As part of its celebration of Vincentian Heritage Week, Niagara University recognized the extraordinary contributions of six individuals who have lived the mission of St. Vincent de Paul at its annual convocation, held in the university’s Alumni Chapel on Sept. 29, 2021.
This year’s honorees were Rev. Bernard Tracey, C.M., executive vice president for mission, St. John's University, who received the Perboyre Medal; Niagara alumna Lauren Paul, ’19, MBA’21, director of operations, Cornell University Women’s Lacrosse, who received the Rev. Thomas Augustine Judge, C.M. Award; Eddie Burnett, Vincentian Residence porter, UG2 Facilities Services, who received the Caritas Medal; Adrienne Kasbaum, director of nursing services, Niagara County Health Department, who received the St. Louise de Marillac Award; and Niagara University associate professors Jennifer Beebe, Ph.D., and Dana Radatz, Ph.D., who received Vincentian Mission awards.
Rev. Bernard Tracey, C.M., who also delivered the convocation address, was honored for his widespread impact as an educator intent on the development of and care for the whole human person, and as a promoter of the Vincentian mission at local, national, and international levels. Fr. Tracey served as the director of Campus Ministry at Niagara University before he returned to his alma mater, St. John’s University, in 1984, as campus minister and director of the university’s Vincentian Service Corps. Since then, he has held a number of positions at St. John’s and currently serves as its executive vice president of mission. Fr. Tracey’s call to service also impacted a wide variety of organizations and agencies which benefited from his leadership, including the St. John’s Board of Trustees, the St. John’s Italian Cultural Center, the local Community Business Advisory Board, St. John’s Preparatory School, the DePaul Catholic School, and the Germantown Systemic Change Initiative. Since 2009, he has chaired the board of trustees at DePaul USA and extended his impact to the global level as a board member of DePaul International – the Vincentian family branch dedicated to the elimination of homelessness throughout the world. A past board member and chair of the Catholic Network of Volunteer Service, Fr. Tracey currently serves on the board of directors at Covenant House Pennsylvania.
Lauren Paul is an athlete, scholar, and servant who exemplifies the dedication to the Vincentian mission Niagara University seeks to instill in its students. A standout member of the lacrosse team, Paul is one of the best defenders in the program’s history. She became the program's leader in career-caused turnovers with 91, and her 149 career ground balls are second-most. Her academic accomplishments are noteworthy, as well—she was named to the dean’s list in both her undergraduate program (Bachelor of Business Administration in accounting) and her graduate program (MBA). In her current career at Cornell University, she continues to be guided by Saint Vincent’s core belief in shaping the whole person.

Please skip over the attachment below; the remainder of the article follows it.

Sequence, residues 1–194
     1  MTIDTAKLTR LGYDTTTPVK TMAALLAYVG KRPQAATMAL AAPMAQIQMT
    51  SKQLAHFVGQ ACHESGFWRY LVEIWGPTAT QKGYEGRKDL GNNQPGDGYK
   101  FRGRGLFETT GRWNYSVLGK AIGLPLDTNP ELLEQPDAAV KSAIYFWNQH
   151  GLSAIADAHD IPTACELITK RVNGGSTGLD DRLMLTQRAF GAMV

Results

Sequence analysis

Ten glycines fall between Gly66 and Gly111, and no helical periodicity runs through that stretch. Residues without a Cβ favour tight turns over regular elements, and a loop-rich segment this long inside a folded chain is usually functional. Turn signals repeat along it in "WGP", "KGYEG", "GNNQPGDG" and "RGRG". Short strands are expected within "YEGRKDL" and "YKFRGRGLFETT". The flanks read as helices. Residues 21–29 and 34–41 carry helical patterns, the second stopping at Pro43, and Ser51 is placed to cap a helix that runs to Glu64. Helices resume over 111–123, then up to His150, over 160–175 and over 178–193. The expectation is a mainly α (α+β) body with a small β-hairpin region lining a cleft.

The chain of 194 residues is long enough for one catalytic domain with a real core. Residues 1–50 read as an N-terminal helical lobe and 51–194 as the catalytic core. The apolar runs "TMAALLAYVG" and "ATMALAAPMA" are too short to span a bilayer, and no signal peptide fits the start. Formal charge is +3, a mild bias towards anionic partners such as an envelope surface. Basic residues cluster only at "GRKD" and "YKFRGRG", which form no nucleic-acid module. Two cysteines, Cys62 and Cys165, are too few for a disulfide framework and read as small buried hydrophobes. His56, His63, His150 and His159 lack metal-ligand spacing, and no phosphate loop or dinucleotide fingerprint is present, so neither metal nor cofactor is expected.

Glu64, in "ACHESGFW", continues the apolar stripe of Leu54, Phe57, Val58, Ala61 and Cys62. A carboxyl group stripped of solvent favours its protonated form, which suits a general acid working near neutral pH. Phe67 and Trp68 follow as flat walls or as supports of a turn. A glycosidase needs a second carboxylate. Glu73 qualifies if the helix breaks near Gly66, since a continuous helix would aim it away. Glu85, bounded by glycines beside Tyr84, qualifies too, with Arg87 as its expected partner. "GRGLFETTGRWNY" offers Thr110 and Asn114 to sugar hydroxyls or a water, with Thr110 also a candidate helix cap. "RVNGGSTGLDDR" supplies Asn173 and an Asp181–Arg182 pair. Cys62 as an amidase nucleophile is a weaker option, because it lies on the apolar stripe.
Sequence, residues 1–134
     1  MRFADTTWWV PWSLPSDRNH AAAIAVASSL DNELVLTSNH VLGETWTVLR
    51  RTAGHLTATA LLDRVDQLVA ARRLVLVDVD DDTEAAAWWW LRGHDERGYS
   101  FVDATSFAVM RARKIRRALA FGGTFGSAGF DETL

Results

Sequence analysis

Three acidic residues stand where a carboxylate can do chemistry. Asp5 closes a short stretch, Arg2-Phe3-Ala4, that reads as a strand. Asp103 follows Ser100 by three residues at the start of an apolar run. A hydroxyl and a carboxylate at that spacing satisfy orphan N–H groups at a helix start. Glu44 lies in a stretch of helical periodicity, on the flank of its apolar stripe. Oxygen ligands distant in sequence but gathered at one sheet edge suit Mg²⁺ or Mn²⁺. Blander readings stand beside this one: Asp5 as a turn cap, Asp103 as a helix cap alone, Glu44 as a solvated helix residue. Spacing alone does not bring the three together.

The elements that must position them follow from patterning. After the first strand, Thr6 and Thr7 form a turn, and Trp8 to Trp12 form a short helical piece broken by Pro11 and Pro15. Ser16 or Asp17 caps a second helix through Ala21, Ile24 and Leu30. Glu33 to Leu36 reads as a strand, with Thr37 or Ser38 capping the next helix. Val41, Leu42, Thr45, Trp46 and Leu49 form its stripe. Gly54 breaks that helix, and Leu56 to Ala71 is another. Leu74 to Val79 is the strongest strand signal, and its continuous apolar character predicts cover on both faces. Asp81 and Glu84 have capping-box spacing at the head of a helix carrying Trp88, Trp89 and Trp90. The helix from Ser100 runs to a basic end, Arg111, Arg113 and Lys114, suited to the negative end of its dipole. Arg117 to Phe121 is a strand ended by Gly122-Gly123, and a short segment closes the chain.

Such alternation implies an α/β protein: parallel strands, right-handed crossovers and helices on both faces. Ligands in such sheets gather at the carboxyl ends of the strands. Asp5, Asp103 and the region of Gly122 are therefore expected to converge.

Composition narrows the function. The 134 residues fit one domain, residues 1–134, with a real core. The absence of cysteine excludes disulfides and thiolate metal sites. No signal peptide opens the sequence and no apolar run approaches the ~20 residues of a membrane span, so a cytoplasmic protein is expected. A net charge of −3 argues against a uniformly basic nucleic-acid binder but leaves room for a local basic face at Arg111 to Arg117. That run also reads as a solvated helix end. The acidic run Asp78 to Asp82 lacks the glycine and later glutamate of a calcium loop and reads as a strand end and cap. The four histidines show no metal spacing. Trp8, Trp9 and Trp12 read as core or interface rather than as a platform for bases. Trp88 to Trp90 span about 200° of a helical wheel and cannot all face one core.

Eddie Burnett characterizes the five gospel virtues that St. Vincent saw in Jesus Christ: simplicity, humility, meekness, mortification, and zeal for the salvation of souls. The lifelong resident of Niagara Falls joined Niagara University in 1980, when Fr. Louis Trotta, C.M., hired him to care for its Vincentian community. He has been part of the university and the Vincentian family ever since. In 1991, he had a kind of conversion experience while working on the eighth floor of Niagara’s O’Shea Hall, when he realized that the charity of Christ was gazing upon him. He suddenly knew then that Christ loved him—all of him: his body, mind, and spirit; his past, his present, and his future; indeed, that Christ’s charity was an integral part of his whole being. This charity illuminates his daily work at the university, and especially his service to the Vincentian brothers and priests.
Adrienne Kasbaum, former director of Health Services at Niagara University, was responsible for leading the campus community through the COVID-19 pandemic. As the university’s resident health expert, she guided the university’s response to all aspects of the pandemic, collaborating with every sector and always maintaining a calm, quiet, and measured spirit that communicated our core qualities of confidence, clarity, and purpose. Now, as director of nursing for the Niagara County Health Department, she continues to be the university’s staunch ally and advocate.
Dr. Jennifer Beebe, associate professor of education, and Dr. Dana Radatz, associate professor of criminal justice, have dedicated their academic careers to the study of domestic violence and to strengthening the systems created to prevent abuse and empower its victims, who often suffer in the shadows and whose wounds are often hidden from sight. Since 2016, they have organized the annual Take Back the Night and the Red Flag Campaign on the NU campus. These events, among multiple other outreach initiatives throughout the year, have galvanized hundreds of university students and employees in an effort to raise awareness of domestic violence and to support the various community agencies that are working to end abuse. In 2017, they created the “Awareness and Action” curriculum that provides new students with education on relationships and sexual violence, Title IX reporting, and bystander intervention practices. And in 2020, they secured a $300,000 grant from the Office of Violence Against Women to establish and institutionalize violence prevention efforts on campus.